Director: Gordon Chan
Cast: Jackie Chan, Lee Evans, Claire Forlani, Julian Sands, John Rhys-Davies, Alexander Bao
MPAA Rating: (for action violence and some sexual humor)
Running Time: 1:28
Release Date: 8/22/03
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Review by Mark Dujsik
The lesson to learn from The Medallion is that a wire- and computer-assisted Jackie Chan is better than no Jackie Chan but still a bad idea nonetheless. It's also a reminder that the director's role during the fight and stunt sequences in a Chan flick is pretty perfunctory: just place the camera about thirty feet away and let Chan do his business. Gordon Chan directs The Medallion in a way that not only fails to capture Chan's physical work but also compels us to look closer at all the digital and wiring trickery and makes us doubt whether or not we're watching Chan too many times. With only glimpses of the one inalienably entertaining element of a Jackie Chan actioner, we're mainly left with the filler. As such, here's a short checklist: The plot or—better—what we understand of the plot? Ridiculous. Comic relief beyond Chan? Dependent on low comedy. Dubbing? Terrible. Jokes outside of fight scenes? Random. Special effects? Shady. The movie seems drunk on its own badness, and I suppose it ought to be. It took no less than five writers to put together the script, and they still managed to forget a few pieces.
Chan plays Eddie Yang, a Hong Kong cop who's working with Interpol to help bring down Snakehead (Julian Sands), a
super-criminal of sorts. He is
hunting a young boy named Jai (Alexander Bao), the Chosen One who possesses the
fabled medallion. This medallion has
two parts. Why? I'm not actually sure. Maybe
it has something to do with whether or not the person in its possession has the
powers of both invincibility and immortality, or maybe it's just to give the bad
guy a little more work. Anyway, he
sends his bumbling henchmen to kidnap the boy, but they're thwarted by Eddie and
the bumbling Interpol agent Arthur Watson (Lee Evans). Even so, the bumbling henchmen do eventually manage to kidnap the Chosen
One and bring him to Snakehead's deteriorating, cliff-side Dublin castle. It's drafty, but it's got a
nice view. So Eddie and Watson head
So that medallion sounds pretty nifty, right? Well I didn't mention the catch: you have to die to take full advantage of its powers. Needless to say, Eddie gets to take full advantage of its powers, leading to an array of action sequences that depend on wiring Chan up or otherwise digitally tinkering with him. The movie sets us up for this early on when Eddie and his teammates jump a long distance between crates on a ship. After landing, he looks around to see if anyone has noticed. The look represents the movie itself at that moment, and yes, we noticed. Beyond the later special effects, we can spot the way some of the stunts are possibly cheated. Many of them are shot from behind the back or at such a great distance that we can't see Chan's face. The fight scenes are filmed in medium or close-up shots and edited rapidly. We expect Chan's stunts and fights to be presented theatrically, with longer takes and wider angles, so that we can appreciate his physical skill. Here, we're not afforded that luxury. Of course, once the medallion comes into play, Chan can jump higher and walk across the seats of a row of bicycles and fall off tall buildings, crashing into the ground, and honestly, it's all quite boring.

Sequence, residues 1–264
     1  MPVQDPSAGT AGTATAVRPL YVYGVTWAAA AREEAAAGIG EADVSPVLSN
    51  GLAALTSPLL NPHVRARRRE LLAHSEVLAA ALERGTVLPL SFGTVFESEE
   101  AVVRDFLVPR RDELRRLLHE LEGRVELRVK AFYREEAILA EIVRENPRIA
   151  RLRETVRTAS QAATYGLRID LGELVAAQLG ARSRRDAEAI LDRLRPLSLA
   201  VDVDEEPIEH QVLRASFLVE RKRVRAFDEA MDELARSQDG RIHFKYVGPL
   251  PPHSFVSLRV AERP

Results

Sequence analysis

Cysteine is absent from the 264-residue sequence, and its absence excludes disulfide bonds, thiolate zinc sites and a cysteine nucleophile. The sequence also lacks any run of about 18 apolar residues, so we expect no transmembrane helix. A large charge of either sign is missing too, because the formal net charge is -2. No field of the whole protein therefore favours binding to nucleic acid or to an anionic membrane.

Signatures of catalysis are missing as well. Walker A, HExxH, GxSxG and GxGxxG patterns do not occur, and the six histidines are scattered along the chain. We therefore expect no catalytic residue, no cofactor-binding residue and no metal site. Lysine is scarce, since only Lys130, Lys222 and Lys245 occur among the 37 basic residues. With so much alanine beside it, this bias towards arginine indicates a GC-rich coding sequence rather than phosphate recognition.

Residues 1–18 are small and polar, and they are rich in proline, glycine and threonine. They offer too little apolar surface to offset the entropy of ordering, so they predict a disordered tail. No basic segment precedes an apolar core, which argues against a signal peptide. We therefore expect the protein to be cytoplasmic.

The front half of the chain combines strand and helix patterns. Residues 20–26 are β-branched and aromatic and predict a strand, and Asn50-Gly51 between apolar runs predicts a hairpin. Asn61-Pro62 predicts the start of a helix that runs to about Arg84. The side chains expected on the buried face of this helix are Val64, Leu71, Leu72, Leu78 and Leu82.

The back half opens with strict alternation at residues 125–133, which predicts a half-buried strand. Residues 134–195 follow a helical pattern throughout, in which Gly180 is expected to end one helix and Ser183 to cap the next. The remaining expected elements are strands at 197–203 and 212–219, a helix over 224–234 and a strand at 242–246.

So instead of ignoring everything on the sidelines, we're forced to take a good, harsh look at them. Take some of the early gags for example. There's a now clichéd moment in which a dialogue between Eddie and Watson is misinterpreted by the rest of the Interpol agents so that it sounds dirtier than it actually is. Lee Evans is usually funny, and although he puts a lot of effort into his exaggerated physicality here, it's used to little effect. I don't know—nor do I want to know—why there's an awkward "Twist and Shout" montage sequence of Eddie, Watson, and Nicole playing around as they have dinner at Watson's house. Speaking of Watson's home life, he tries to cover up his job at Interpol by telling his wife that he's a librarian, but the fact that his wife either know about his secret gun cache or has one of her own (it's never clear which way it goes) is never resolved. The romance between Eddie and Nicole is forced upon us with the knowledge that they were once an item. Although it is odd that for a while she seems to have gotten over his apparent death pretty quickly. The finale has yet another fight between two immortals (I believe we're at four so far this year), as Eddie battles Julian Sands' nondescript villain.It's also amusing that John Rhys-Davies appears here and that they got him out of dwarf makeup for nothing. There are other weird goings on in The Medallion, like the way the pendant has the ability to fix clothing as well as wounds and the way a fight between two women is signaled with the sound cue of a screeching cat and the way it made me use the word "nondescript" in the same sentence as Julian Sands. Thankfully, The Medallion is short (under an hour and a half), and it goes by quickly—albeit with mild pain.
Copyright © 2003 by Mark Dujsik. All rights reserved.